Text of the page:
On behalf of Waag Ivonne Jansen-Dings and Frank Kresin traveled to Berlin for the Open Knowledge Festival 2014, where they organized two sessions and a fringe event. As a representative of several EU projects, but also to connect with other advocates of an open society. Below an impression by Ivonne. About applause for Neelie Kroes, Google hoaxes and the movement of technology towards the social domain.
OKfestival offered a varied selection. From policy- to maker-sessions, the festival attracts a wide audience with a common shared interest in open and commons. It's nice to know that so many people are worried about guarding the public domain, like we are. Keynote speaker Beatriz Busaniche put it well: "it's a battle, and we're losing..."
My own 'Code a Difference' session showed in a short time how the "Code for" movement worldwide is developing. Along with Lynn Fine by Code for America and Julia Kloiber of OKFN Germany we soon came to the difficult questions that come with a fellowship program. How do you convince the public institutions of the benefits of working with programmers, without zooming in at the required specific endpoint. And how do you deal with vendor lock-in and procurement rules?
With a speaker like Neelie Kroes, the second day of the festival began very inspiring. She remains one of the greatest advocates within government (EU) on subjects like Open and Transparent. Her involvement at the age of 72 is motivating for all attendees and a standing ovation was well deserved.
Google told, as sponsor, a slightly obligatory story. On the importance of creating not only applications, but also an infrastructure. Erik Hysen could count on a number of critical questions. Because at a festival where privacy is a hot topic one looks suspiciously at a party who holds all the cards in that matter.
Inspiring was therefore the collective PENG. I did not know their example Google Nest (website removed as requested by Google) - a fantastic hoax involving Faith Bosworth and Jean Peters posing as two Google employees who presented great Google products, which mean a nightmare for our privacy in all respects. Through proper social engineering the entire world bought the story. Brave when you consider that Google has unlimited resources to make life very difficult for the PENG collective, to say the least.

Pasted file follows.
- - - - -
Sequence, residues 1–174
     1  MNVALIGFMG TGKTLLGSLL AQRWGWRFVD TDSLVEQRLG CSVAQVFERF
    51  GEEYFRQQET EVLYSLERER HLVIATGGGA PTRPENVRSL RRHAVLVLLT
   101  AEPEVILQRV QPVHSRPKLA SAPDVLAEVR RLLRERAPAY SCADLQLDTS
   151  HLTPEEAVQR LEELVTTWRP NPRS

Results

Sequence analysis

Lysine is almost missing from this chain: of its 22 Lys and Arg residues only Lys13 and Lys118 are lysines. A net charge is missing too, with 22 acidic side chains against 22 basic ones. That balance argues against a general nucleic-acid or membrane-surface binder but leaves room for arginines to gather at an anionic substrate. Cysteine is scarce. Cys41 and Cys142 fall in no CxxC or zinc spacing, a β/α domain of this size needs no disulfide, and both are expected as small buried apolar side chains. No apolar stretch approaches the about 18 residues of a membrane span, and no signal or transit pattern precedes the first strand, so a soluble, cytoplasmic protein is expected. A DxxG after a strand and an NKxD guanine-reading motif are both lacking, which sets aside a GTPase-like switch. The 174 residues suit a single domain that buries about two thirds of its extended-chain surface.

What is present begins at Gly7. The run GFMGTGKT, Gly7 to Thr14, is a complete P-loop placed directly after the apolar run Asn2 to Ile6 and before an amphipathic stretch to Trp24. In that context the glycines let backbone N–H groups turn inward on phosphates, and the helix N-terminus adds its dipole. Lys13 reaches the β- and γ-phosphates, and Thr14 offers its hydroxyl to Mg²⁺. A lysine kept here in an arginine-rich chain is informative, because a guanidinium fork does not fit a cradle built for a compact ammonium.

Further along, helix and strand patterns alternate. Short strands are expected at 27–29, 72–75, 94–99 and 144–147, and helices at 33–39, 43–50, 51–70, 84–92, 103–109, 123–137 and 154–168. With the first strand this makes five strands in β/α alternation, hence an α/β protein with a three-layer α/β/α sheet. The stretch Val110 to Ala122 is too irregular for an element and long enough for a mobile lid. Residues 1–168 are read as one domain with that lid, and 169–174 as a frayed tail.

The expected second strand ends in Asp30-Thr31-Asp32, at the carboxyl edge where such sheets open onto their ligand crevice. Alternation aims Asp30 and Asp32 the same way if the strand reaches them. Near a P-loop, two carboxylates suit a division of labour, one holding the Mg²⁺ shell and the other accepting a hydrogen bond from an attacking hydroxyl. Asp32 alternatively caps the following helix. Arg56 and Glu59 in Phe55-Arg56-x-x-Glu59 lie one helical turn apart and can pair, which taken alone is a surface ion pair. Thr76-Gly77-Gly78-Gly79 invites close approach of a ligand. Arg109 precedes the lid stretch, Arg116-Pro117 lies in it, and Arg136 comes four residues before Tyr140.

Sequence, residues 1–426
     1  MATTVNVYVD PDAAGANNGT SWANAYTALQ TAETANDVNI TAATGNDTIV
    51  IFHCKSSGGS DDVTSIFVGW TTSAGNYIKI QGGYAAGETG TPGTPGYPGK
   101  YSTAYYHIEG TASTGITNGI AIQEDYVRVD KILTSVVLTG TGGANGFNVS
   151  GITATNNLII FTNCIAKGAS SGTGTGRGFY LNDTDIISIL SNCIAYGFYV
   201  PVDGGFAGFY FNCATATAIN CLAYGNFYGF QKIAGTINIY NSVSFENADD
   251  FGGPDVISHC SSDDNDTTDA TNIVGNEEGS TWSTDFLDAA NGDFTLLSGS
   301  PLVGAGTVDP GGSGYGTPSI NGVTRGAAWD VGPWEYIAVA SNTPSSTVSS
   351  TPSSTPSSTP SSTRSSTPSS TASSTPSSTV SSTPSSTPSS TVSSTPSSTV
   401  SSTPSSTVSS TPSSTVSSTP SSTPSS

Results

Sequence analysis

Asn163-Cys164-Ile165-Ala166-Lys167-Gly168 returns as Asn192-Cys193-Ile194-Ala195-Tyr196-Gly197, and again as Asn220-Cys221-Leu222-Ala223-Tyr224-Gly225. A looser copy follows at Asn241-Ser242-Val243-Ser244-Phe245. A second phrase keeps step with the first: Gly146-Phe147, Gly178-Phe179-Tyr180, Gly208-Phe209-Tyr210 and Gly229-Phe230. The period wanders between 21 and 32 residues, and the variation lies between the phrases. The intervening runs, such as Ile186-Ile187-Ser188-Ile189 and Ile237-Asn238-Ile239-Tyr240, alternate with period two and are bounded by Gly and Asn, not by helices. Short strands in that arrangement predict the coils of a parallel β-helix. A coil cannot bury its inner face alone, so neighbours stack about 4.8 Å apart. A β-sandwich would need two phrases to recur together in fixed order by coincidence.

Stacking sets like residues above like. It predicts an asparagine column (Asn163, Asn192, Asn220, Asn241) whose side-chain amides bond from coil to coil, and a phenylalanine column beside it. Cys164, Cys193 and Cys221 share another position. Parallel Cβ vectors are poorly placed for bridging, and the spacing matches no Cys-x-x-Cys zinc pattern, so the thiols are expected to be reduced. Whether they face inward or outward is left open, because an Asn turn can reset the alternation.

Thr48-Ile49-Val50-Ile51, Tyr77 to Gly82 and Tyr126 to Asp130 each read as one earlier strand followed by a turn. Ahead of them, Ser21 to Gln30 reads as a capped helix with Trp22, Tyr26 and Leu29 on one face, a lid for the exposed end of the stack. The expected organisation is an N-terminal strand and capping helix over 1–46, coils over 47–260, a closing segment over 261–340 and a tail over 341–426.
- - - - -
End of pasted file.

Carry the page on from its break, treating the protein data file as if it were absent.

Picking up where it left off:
Frank Kresin also indicates why Open Knowledge is essential:
"Waag is an advocate of the free dissemination of knowledge, data and designs, the global community comes together during the OK Fests. We are involved in CitySDK, Commons4Europe, Apps for Europe and Open Cities, and successfully so. Now it is time to create the next steps: from open data to open algorithms that define our lives (in part) and are often invisible; data literacy, so that people know what they see; from apps to platforms that make data available in usable form, from government data to your data (open data co-ops, sensor data, humans-as-sensors). And finally, most importantly, tech-driven to social movements, connecting with existing interest groups, lobbying etc. to go from open data to an open society. We are looking forward to new projects, including in the field of open air quality data."
My favourite sessions were (to be found on etherpad):
- The E-waste exploration @ OKFestival: the workshop clearly shows the amount of e-waste that we all produce. Interesting topics: how much e-waste does the west dump in the third world, how is this subject dealt with on an EU level? Especially the user components cookbook appeals to me. I would like an easy way to create new things from old stuff.
- Code a Difference: what problems does the "Code for" - movement run into? What does a fellowship program involve?
OKFestival 2014 offered many sessions on working with data, edit, persuade, inspire, visualize, and all the beautiful things you can do with it. The etherpads of the sessions are well kept in almost all cases, so that all links and details of speakers are easily retrievable.